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Below level basement - Installing laminate, can I use OSB

Below level basement - Installing laminate, can I use OSB

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  #1  
Old 10-11-08, 07:19 AM
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Exclamation Below level basement - Installing laminate, can I use OSB

Getting ready to install laminate I bought from Costco, however I want to place first either dri-core or plywood on the concrete floor to cut the chill out of the concrete.

Looked at the dri-core, I need about 122 pieces for my project, this would cost me about $765 just for the dri-core.

If I use OSB plywood (half inch) it would be about 15 plywood pieces with a total of about $126.

My friend tells me OSB should be just fine but to place a plastic vapor barrier right on the concrete floor before laying down the plywood. However, at the same time he's worried about mold getting formed between the concrete and the plastic vapor barrier.
My basement doesn't have heat but I finished the walls using the pink FOAMULAR 250 rigid foam insulation and also R13 batts between the 2x4 studs. It is well insulated.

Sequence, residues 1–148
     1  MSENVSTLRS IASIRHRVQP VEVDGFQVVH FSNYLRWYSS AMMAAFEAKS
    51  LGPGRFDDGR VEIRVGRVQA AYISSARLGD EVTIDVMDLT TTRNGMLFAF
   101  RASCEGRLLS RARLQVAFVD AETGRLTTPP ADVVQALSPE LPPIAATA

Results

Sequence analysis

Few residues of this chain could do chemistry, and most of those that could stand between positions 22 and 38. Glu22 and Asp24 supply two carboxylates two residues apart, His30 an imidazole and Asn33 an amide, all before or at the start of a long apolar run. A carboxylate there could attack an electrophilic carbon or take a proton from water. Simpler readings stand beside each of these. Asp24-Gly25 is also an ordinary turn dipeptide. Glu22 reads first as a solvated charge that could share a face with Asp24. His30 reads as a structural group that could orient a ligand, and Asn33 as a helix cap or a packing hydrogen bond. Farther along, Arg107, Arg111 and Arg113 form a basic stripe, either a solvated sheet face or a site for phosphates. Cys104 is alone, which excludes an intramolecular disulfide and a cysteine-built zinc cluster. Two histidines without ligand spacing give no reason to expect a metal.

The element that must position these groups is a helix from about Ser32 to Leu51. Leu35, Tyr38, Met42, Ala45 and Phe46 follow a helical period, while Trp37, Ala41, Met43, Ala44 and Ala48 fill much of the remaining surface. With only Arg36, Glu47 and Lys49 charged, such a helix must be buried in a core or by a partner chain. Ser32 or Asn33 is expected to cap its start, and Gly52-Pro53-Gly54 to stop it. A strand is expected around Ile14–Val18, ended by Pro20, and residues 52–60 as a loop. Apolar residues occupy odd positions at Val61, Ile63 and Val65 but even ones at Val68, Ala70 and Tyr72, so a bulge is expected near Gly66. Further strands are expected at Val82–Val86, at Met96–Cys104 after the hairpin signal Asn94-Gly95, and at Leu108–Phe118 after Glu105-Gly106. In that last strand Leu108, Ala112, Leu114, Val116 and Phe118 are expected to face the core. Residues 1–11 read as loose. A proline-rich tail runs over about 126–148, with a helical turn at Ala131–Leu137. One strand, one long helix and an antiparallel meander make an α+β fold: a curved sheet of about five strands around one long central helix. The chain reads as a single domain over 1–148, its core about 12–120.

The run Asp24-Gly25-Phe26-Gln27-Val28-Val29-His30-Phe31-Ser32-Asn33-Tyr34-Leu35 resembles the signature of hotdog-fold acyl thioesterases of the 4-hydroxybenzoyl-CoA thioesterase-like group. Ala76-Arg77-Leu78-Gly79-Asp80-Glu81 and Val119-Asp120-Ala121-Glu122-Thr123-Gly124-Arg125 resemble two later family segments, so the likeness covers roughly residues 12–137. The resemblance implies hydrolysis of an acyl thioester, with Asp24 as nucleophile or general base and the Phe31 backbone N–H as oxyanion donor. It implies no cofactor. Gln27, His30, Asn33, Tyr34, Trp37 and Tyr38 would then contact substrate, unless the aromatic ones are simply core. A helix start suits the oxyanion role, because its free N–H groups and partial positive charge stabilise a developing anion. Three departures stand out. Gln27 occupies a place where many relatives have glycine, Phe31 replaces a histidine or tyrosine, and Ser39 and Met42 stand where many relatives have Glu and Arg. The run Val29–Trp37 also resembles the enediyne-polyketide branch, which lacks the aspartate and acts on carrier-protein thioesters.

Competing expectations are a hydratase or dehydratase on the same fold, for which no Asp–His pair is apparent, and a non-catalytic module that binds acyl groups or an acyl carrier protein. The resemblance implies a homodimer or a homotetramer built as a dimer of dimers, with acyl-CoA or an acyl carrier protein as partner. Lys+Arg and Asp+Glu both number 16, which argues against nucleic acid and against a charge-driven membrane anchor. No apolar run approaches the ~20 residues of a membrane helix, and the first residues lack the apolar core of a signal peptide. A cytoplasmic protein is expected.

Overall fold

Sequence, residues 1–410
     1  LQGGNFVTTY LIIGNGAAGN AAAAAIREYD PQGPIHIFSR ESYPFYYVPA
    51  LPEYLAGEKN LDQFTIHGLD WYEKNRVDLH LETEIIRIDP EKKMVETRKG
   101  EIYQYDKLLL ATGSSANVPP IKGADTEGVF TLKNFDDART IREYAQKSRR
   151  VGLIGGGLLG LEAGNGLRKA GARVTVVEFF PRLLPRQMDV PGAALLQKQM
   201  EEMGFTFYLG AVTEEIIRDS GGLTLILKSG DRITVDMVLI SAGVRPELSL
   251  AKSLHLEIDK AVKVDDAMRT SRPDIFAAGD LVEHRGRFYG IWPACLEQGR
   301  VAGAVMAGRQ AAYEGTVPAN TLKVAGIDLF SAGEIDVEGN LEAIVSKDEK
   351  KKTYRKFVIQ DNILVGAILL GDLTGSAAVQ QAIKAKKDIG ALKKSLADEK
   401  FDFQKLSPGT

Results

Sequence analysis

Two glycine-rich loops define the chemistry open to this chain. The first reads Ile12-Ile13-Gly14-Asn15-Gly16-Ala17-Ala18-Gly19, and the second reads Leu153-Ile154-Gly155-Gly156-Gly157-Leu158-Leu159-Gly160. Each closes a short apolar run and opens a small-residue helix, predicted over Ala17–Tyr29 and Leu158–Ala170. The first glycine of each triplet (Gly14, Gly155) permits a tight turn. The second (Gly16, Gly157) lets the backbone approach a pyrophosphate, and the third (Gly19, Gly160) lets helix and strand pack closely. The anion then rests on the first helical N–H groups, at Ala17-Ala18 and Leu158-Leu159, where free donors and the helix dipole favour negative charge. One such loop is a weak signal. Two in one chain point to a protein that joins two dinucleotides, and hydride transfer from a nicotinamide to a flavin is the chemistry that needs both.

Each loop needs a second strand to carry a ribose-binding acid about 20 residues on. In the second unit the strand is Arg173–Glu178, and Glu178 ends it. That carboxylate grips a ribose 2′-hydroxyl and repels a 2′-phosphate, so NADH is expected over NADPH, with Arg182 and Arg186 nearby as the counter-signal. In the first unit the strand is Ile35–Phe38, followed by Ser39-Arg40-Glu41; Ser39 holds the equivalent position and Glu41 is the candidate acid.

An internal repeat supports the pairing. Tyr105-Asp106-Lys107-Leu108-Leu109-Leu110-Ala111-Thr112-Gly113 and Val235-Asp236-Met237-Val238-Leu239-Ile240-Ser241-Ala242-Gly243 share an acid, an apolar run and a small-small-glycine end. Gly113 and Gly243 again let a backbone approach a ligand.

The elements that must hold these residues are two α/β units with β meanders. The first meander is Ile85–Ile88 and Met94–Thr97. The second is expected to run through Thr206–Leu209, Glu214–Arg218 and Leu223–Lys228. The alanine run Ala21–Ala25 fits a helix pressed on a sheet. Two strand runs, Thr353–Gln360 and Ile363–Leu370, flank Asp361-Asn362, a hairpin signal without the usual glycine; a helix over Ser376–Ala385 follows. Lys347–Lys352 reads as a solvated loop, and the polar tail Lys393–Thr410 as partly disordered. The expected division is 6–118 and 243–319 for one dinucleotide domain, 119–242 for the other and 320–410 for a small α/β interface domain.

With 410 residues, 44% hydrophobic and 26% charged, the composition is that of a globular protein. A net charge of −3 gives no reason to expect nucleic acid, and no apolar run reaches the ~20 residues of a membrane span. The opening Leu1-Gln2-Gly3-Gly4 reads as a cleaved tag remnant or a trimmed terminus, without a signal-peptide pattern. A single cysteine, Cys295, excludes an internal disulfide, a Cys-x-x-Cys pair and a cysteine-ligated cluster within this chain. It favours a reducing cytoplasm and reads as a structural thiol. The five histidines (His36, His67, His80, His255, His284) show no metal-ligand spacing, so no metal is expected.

I need some advice please on the mold concern, is it best to use the vapor barrier between the concrete floor and the OSB board?

I really like the dri-core concept and ease of installation, but it is quite pricey....

I need to make decision this weekend.

My basement doesn't get water in.
 
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Old 10-11-08, 07:35 PM
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Yes the VB could cause mold and OSB will root years down the road or get moldy
 
  #3  
Old 10-12-08, 08:21 AM
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I'm looking for advice, what should I do, should I:

1.take the plunge and get the expensive dri-core as this would be the BEST underlayment against the concrete (with NO plastic vapor barrier) and then install the padding between the dri-core and the laminate....this implies dri-core is the BEST alternative.

2.install the OSB plywood but without the plastic vapor barrier on the concrete

3.install the OSB plywood WITH the plastic vapor barrier on the concrete and keep my fingers crossed

4,forget about dri-core and plywood, just install a good and expensive padding on the concret and just lay my laminate on top.